This is now available UK-wide for all those working with young people both
in a professional and voluntary capacity.
The BHS has instituted strict procedures in accordance with the Data Protection
Act and recruiters will be able to contact the BHS when they require a potential member of staff or volunteer to be checked.
is hoped this will work to safeguard children and vulnerable adults at Riding Schools and at Equestrian events throughout
For further information, please contact: Chris Doran or Jo Wilson, Approvals Department, The British Horse
Society, 01926 707821 or email firstname.lastname@example.org or j.Wilson@bhs.org.uk
Have your say on equestrian facilities
A new National Equestrian Institute and a database of equestrian facilities
are among the proposals in the BEF's draft National Facilities Strategy.
The British Equestrian Federation is looking for views from the public on the
proposals within its draft strategy to support and help improve equestrian facilities around Britain.
The deadline for comments using the feedback form is Friday 21 October 2005.
Read more >>>
Horse & Hound Online 28 September 2005
Dismay at Jockey Club's
The Jockey Club has decided against introducing a mandatory requirement for
stable staff to wear body protectors while riding at work. The decision has been greeted with dismay by the Stable Lads' Association
"We were very disappointed in the fact that the Jockey Club have left it to
the judgment of trainers," said Bill Adams, SLA national secretary. "The SLA
was in favour of a mandatory requirement for stable staff to wear body protectors while riding at work."
A report last year by the Stable and Stud Staff Commission (news, 17 June 2004) recommended the use of body protectors in exercise should be urgently
Following the review, and meetings with bodies such as the National Trainers'
Federation (NTF), Stable Lads' Association (SLA) and British Horseracing Board (BHB), the Jockey Club has concluded current
Health and Safety legislation provides sufficient regulation.
"It is not for the Jockey Club to increase the burden of regulation unnecessarily,"
said Malcome Wallace, the Club's director of regulation. "Existing legislation requires establishments to make their own judgement.
We are aware that many trainers already use body protectors as standard, and we would be surprised if other trainers' risk
assessments did not highlight areas where the use of body protectors would be recommended. It's not the same as crash helmets,
which, of course, are essential."
The NTF has prepared a guidance note, re-emphasising aspects of its existing
safety advice, which will go out in its 3 October newsletter, according to chief executive Rupert Arnold.
"The Jockey Club has put the onus on trainers as employers," he said. "For
staff, the option is there."
Northamptonshire trainer Kim Bailey said: "I don't make them mandatory for
my staff; it comes down to personal choice. If they do want to wear body protectors I will supply them, and I advise them
to wear them when schooling. But in my experience they make little difference to the sort of injuries we've had, such as broken
collarbones and broken limbs."
The Turf Club in Ireland
did decide to enforce regulations requiring staff to wear body protectors earlier this year following its own review of safety.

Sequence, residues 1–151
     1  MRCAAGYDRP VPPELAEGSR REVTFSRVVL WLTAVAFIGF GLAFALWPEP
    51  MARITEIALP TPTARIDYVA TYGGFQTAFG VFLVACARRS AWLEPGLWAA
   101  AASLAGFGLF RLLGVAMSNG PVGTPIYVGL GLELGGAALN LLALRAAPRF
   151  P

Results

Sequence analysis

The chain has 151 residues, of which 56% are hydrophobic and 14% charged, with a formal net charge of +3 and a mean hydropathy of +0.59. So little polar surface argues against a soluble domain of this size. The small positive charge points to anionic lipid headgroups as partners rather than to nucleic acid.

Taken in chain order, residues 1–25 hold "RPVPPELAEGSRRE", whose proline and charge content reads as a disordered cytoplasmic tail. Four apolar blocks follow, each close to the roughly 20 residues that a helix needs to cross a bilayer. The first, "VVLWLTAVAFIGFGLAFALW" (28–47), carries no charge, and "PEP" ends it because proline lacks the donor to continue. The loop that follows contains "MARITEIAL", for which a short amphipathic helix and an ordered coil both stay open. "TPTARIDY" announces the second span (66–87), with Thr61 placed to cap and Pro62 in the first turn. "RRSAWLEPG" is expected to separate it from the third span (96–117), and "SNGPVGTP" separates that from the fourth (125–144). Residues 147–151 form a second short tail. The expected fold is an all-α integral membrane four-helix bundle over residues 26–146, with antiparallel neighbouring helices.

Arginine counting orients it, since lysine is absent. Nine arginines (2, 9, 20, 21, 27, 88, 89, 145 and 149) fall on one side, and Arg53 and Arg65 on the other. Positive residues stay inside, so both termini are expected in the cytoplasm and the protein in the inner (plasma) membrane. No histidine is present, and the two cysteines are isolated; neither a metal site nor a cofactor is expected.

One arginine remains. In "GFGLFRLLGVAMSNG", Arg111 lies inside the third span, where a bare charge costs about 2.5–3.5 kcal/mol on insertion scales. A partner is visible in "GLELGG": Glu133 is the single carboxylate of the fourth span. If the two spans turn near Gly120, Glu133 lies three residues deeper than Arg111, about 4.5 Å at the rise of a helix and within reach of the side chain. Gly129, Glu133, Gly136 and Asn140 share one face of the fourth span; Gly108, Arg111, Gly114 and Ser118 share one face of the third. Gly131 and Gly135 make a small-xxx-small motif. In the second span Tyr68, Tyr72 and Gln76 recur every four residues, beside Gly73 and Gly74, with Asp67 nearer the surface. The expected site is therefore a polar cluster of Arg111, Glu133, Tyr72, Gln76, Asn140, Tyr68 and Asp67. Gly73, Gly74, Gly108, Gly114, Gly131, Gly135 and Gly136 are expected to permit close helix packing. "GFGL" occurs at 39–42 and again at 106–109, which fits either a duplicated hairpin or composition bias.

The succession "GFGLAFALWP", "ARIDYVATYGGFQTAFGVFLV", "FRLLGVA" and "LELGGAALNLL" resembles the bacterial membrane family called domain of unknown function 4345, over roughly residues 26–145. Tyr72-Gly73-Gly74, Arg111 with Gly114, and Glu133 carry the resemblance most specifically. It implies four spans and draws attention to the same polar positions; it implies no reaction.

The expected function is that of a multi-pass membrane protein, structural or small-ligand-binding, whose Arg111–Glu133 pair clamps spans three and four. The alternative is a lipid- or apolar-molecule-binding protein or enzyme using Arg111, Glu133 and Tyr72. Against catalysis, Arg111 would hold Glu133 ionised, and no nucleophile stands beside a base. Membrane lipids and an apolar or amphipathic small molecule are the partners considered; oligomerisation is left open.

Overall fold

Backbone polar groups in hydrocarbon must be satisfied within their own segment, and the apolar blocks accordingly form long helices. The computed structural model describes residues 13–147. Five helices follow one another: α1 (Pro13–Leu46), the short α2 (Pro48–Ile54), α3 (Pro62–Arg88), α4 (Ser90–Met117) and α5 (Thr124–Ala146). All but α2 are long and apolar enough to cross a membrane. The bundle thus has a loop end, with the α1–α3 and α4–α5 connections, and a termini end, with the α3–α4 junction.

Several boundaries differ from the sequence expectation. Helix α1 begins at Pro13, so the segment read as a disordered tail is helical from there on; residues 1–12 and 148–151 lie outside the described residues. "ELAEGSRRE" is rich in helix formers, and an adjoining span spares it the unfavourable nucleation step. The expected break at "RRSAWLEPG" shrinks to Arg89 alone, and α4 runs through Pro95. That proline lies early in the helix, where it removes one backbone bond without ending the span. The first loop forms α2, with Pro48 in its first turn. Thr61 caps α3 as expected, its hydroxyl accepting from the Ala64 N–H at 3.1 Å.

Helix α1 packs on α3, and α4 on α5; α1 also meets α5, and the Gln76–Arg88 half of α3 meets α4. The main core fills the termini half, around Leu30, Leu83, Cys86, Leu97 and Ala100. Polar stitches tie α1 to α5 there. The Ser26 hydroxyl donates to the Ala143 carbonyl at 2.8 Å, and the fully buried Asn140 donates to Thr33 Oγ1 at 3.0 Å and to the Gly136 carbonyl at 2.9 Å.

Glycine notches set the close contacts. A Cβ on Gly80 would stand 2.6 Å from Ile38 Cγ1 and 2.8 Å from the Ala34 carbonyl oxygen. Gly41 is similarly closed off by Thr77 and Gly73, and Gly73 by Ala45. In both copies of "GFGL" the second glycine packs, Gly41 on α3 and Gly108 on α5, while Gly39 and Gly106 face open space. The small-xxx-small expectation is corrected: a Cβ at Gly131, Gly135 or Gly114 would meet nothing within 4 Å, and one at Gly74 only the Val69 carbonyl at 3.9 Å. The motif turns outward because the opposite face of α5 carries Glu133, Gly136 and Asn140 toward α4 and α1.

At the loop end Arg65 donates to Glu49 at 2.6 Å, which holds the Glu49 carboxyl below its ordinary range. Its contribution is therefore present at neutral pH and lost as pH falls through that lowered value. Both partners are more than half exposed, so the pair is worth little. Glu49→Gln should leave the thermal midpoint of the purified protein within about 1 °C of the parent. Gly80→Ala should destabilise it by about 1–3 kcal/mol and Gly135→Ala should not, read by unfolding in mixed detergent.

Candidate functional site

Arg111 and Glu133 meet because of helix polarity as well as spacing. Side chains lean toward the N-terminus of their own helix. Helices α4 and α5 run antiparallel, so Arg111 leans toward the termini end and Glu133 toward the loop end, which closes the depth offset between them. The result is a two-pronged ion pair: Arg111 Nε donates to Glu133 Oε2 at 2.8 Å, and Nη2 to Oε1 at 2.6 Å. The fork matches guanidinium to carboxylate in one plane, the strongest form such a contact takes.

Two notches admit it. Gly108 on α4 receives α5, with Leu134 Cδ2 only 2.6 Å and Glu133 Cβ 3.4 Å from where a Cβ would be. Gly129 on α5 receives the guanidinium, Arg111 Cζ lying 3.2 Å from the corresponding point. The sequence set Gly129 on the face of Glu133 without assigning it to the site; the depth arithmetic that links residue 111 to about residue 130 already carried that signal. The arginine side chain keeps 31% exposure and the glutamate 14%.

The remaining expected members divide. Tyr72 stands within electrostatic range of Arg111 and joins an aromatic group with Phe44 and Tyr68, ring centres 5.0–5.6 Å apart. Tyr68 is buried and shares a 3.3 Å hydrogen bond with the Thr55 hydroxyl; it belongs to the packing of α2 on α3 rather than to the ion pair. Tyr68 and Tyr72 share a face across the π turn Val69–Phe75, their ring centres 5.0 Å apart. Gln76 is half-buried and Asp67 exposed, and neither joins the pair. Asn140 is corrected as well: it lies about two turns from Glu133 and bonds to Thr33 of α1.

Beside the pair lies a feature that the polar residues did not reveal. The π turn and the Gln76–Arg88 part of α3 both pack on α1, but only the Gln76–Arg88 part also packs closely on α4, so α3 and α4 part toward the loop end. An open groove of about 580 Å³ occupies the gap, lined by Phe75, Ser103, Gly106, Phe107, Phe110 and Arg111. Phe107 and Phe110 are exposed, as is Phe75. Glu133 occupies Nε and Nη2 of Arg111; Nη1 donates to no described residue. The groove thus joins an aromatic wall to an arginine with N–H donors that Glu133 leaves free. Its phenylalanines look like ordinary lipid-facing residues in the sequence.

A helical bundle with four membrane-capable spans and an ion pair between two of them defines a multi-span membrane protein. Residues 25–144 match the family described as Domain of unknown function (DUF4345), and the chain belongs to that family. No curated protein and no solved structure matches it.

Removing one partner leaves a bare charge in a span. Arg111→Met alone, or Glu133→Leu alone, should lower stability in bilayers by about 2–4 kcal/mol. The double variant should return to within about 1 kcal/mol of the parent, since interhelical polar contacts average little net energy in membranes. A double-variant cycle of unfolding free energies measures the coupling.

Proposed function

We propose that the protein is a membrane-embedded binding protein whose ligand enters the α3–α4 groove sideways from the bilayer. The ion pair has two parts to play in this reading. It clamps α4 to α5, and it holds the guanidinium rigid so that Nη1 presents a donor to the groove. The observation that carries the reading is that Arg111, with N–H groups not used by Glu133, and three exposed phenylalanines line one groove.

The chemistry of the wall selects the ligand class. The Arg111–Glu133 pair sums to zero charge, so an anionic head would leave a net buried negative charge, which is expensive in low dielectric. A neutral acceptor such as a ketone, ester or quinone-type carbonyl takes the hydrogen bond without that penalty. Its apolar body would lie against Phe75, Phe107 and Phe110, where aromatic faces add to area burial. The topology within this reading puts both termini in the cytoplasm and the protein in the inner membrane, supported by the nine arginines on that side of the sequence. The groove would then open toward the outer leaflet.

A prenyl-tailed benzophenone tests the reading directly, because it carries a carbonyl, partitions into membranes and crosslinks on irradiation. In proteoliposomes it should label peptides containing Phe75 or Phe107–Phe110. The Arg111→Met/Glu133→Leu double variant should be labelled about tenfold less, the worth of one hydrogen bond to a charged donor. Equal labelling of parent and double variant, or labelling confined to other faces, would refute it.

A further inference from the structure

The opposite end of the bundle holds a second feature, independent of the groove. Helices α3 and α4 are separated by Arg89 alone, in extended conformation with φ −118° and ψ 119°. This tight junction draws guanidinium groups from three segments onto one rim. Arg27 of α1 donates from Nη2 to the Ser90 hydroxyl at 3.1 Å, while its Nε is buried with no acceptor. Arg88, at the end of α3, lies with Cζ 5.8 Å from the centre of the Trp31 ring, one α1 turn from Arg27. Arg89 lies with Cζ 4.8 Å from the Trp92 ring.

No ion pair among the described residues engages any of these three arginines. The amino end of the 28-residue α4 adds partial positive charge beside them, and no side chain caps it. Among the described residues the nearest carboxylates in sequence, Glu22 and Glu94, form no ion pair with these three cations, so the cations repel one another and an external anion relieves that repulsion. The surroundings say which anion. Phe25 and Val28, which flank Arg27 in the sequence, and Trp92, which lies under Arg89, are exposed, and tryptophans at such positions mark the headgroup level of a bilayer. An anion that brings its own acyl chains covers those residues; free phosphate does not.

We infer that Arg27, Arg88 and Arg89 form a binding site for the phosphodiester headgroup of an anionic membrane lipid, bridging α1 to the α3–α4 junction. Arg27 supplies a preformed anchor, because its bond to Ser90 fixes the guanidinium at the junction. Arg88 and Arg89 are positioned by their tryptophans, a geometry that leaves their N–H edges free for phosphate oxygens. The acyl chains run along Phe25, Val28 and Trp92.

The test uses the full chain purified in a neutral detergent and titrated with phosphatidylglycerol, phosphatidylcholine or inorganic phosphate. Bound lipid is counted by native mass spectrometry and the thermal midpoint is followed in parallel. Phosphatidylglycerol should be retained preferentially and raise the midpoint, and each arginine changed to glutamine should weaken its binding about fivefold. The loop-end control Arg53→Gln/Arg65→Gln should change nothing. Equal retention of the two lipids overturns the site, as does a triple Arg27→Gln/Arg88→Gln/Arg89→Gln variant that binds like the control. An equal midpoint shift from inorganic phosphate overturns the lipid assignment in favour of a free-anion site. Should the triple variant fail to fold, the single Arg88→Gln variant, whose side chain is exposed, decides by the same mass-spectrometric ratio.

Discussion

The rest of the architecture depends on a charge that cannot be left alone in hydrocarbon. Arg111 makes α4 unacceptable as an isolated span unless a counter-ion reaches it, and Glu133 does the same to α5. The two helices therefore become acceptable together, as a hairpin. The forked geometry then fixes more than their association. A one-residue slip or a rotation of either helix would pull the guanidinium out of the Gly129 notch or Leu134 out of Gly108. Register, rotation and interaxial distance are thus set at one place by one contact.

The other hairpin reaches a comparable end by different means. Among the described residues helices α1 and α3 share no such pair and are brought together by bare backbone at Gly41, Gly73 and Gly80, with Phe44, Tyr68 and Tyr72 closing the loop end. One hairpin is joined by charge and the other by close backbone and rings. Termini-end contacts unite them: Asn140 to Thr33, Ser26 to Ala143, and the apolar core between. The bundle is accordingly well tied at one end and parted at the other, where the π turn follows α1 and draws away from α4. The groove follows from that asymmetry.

"As far as we're concerned, safety is a huge issue and anything that can be
done to eradicate any accident will be done," said Cliff Noon, spokesman for the Turf Club.
Horse & Hound Magazine 29 September 2005
Buyers warned to beware of second-hand hats on eBay
Unsuspecting buyers should steer clear of bargain second-hand riding hats with outdated safety standards being sold
on auction websites, warns the British Equestrian Trade Association
Executive director Claire Williams said BETA had received a number of calls from anxious shoppers about second-hand
riding hats with out-of-date Kite marks being sold online.
Riding hats with out-of-date Kite marks are no longer considered suitable by the British Health and Safety Executive
and are banned in all competitions run by the Pony Club, British Eventing and the British Show Jumping Association.
"We have sent a message to sellers on eBay, asking them if they realise they are selling hats with obsolete safety
standards, "said Williams. "I would hope that the majority are acting out of ignorance or innocence."
One concerned member of the public contacted BETA after viewing one particular eBay auction lot — a BS4472 skullcap
with an old style chin cup.
It was advertised with a photo, together with the misleading instruction: "Please note the British standard number
and Kite mark to prove it is of safety standard". The hat sold for £14.50 after six bids.
Champion hats managing director John Airs said it can be impossible to determine whether a second-hand hat has been
"You're buying a safety item without knowing its history," he said. "The damage may not be viable."
eBay commented: "We encourage buyers to contact sellers on the quality of the item or anything else they are unsure
Source: Horse & Hound Magazine 18 August 2005
The British Horse Society launches Government Affairs Register
British Horse Society has launched a Government Affairs Register - profiling the work involving Government being carried out
by the Society.
The Register aims to enable anyone who might be interested in this enormous range of activity to see at
a glance what work is going on and which BHS staff member they would need to contact to find out more about it.
Director of Communications Oliver Wilson said: "The Government Affairs Register covers the full gamut of the Society's liaison
with Government in areas such as Access and Rights of Way, Safety, Welfare and Standards, including the work going on in the
Nations and the Regions, and, of course, at Westminster."
View the Register >>>
The BHS adds Equine Specific First Aid Courses (ESFAC) to the
Learning Aims Database
The British Horse Society has secured the inclusion of Equine Specific First Aid Courses
(ESFAC) onto the official Learning Aims Database - so funding will be available for those wishing to apply to their local
Learning Skills Councils (LSC).
Any official training organisation providing further and/or higher education will now be
able to partly or fully fund their students to complete this extremely important and industry-recognised qualification.
have existed for five years. Although the course has proved to be extremely popular, some people may have found it difficult
The securing of funding will ultimately mean that the course will beavailable to a greater audience, enhancing
and raising awareness of first aid procedures that are vital to anyone involved in the horse industry.
For further information,
please contact Sam Whale, Training Department, The British Horse Society, Stoneleigh Deer Park, Kenilworth, Warwickshire,
CV8 2XZ. Phone: 01926 707 835 or email: email@example.com
Are we in for a severely cold Winter this year?
Amidst much speculation the Met Office’s winter forecast does not
make these extreme claims but does suggest that the coming winter will be colder and drier than normal. However it is too
early to be specific about the timing and severity of any individual cold spells.
Find out more from the Met Office >>>